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Sharktuning experience

 
Old 08-10-2018, 08:20 PM
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Marti
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Default Sharktuning experience

Hi fellow Rennlisters

I thought I would post my experience (ongoing) of getting to grips with Shark Tuning as I work my way through the process. It might help those thinking about using the useful tool / process or indeed people who are currently using it.

I won't go into a lot of background on the actual product, you can simply visit John Speake's web site JDS Porsche to find out all about the tool. Simple to say that the tool allows you to re-programme the fuel and ignition management maps to alter them to better suit a modified 928.

I went down this route for my S4 as I was changing or modifying cams, headers, inlet manifold, injectors (30 lb design 3) and exhaust so had a heavy requirement to modify the maps.

As my S4 was non cat I needed not only the Shark tuner hardware and software but also a suitable place in the exhaust system to stick the WBO2 sensor. The standard S4 non cat exhaust system did not have anywhere to mount the WB02 sensor however the X pipe I added has a bung right at the cross over which is handy as it captures both cylinder banks.

Having followed the fitting instructions and sourced a windows laptop (at the time my Apple would need a windows emulator to run it) I initially played around with getting to know the screens and functionality. I had not at first changed to the 30lb injectors - those came later.

To describe a little about what this "playing about" entails, basically you have the laptop plugged into the ST via a USB cable and the ST is plugged into the diagnostic port in the car which in turn is connected to the ECUs. The additional exhaust probe is also connected to the ST sending data back to it on how the engine is burning. A neat set up which plays in real time on the laptop as you drive along. You even get a audible ping for knock events which helps you understand exactly where and when a knock occurred. Following the instructions is straight forward and you can immediately change the maps between S4, GT and GTS which are all available as a starting point with the ST.

It took a little time to get to know the screens and read through the instructions which included the principles of what the LH and EZK are doing in relation to the visual maps.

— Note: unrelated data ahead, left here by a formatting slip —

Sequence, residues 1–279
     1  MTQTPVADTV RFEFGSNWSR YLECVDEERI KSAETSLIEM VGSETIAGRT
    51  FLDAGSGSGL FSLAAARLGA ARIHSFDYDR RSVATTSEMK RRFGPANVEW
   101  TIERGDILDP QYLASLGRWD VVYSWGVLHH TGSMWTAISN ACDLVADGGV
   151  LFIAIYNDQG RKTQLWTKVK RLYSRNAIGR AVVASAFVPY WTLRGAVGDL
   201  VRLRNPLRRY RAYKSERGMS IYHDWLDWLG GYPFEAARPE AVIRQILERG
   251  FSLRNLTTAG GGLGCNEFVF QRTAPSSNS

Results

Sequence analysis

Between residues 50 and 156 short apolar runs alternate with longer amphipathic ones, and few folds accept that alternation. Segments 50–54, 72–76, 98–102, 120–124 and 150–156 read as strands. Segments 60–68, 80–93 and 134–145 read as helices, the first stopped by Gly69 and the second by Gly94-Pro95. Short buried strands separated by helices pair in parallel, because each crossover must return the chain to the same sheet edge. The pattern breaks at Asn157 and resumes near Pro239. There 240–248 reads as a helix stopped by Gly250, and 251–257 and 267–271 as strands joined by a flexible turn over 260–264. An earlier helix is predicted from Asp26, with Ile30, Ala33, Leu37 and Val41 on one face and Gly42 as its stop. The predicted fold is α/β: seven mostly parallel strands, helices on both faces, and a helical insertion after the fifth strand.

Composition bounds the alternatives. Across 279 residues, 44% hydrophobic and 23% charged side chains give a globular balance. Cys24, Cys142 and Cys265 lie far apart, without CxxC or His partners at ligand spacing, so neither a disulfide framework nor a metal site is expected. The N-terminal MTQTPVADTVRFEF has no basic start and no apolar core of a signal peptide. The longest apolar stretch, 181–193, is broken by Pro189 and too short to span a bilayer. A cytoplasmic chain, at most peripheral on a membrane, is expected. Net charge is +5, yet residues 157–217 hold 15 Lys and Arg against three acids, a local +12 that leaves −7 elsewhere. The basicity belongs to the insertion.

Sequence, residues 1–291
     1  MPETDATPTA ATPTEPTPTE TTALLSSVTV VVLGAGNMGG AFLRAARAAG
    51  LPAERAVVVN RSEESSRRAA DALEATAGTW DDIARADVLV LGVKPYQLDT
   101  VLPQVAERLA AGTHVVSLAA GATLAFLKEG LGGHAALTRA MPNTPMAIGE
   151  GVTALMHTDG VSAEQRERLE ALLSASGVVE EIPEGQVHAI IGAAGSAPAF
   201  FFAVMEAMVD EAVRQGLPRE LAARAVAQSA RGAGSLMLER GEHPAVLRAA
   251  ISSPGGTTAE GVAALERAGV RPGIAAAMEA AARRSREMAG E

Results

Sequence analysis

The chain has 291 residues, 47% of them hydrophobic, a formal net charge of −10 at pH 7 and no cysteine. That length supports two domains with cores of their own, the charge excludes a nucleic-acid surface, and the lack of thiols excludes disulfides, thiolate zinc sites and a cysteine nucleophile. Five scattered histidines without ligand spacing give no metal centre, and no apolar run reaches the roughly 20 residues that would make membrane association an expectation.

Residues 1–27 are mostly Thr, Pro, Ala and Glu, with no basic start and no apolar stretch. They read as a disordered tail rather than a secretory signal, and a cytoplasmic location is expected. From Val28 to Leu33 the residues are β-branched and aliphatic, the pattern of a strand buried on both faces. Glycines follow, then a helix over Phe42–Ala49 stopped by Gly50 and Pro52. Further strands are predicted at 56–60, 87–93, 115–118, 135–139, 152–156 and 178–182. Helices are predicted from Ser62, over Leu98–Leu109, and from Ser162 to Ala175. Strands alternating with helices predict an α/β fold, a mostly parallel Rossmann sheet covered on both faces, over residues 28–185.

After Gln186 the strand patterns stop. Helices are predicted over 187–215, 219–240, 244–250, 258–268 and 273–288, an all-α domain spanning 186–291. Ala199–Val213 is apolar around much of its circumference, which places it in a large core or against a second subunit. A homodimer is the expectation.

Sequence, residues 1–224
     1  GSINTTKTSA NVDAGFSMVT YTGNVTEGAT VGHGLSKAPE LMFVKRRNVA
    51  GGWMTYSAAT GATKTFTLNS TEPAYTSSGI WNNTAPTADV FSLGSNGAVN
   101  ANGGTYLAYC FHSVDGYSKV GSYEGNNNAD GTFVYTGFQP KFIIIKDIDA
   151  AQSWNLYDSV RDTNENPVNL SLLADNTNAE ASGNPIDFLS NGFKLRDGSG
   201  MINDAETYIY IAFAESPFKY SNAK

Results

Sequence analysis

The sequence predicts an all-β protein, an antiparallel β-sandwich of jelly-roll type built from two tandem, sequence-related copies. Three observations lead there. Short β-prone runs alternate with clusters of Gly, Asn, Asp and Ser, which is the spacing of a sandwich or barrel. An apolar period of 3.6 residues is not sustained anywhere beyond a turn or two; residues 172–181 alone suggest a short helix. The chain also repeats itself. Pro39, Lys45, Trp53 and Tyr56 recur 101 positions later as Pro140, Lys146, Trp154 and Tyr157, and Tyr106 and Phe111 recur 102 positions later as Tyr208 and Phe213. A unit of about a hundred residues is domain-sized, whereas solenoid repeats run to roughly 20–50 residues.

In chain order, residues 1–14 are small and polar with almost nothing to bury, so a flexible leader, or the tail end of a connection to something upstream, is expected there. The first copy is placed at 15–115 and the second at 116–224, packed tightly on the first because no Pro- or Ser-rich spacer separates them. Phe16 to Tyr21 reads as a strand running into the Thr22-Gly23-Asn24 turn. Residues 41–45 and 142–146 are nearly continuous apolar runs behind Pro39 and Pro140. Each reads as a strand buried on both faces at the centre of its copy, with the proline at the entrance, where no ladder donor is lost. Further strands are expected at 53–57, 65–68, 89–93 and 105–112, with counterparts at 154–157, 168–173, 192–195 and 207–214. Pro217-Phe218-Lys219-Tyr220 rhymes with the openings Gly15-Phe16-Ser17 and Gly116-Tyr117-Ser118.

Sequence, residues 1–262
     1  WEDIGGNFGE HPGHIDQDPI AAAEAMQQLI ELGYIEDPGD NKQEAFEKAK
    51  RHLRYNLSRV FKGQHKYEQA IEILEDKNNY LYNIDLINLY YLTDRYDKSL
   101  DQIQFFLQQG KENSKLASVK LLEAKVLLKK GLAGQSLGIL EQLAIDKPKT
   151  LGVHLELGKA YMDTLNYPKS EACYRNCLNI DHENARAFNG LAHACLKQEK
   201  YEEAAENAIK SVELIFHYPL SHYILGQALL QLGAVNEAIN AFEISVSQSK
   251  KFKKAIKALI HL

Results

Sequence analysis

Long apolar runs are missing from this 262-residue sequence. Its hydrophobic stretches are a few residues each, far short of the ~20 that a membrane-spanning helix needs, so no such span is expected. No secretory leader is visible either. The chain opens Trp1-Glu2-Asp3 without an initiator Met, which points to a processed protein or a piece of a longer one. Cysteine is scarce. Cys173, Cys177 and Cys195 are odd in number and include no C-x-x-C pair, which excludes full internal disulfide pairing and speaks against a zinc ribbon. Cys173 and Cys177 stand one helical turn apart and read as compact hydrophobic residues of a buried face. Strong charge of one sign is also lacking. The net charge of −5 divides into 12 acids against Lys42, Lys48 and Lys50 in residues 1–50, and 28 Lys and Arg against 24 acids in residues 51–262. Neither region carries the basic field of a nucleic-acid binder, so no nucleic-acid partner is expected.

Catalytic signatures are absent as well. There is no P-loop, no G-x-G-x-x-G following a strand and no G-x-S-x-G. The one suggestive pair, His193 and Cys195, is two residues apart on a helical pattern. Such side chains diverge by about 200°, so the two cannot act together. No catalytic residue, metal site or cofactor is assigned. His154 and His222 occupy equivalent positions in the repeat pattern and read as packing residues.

I was able to drive around and record knocks and check the health of my engine. At this point the engine was in standard form except for the x-pipe. With the more or less standard engine I did note that I recorded knocks but these were occasional and in the stage that I would come to learn as 'transitional' stage.

Before I did much more shark tuning the engine received a big upgrade - this was going to test my ability with the shark tuner - thankfully there is always help available from John and Jim not to mention experience from Rennlisters.

The engine received Colins cams (needed change of valve springs), 928 Motorsport headers which I had ceramic coated to Le Mans spec by Camcoat after converting them to work on a RHD car, modified inlet manifold with 30lb injectors and GB oil filler baffle to help control oil in the intake.

The initial challenge with these changes was to change the setting to use the 30lb injectors. Thankfully these are straight forward in the fuel parameters tab in the ST. A few clicks and the engine management system in the car is ready to fire up on completely different injectors which are way ahead of the old style 19lb single pintle injectors.These injectors are the 4 hole narrow plastic body injectors which are more modern. Although only a few clicks are required the ST is doing some clever work to run these injectors.

Last edited by Marti; 08-12-2018 at 02:02 PM.
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Old 08-11-2018, 10:24 AM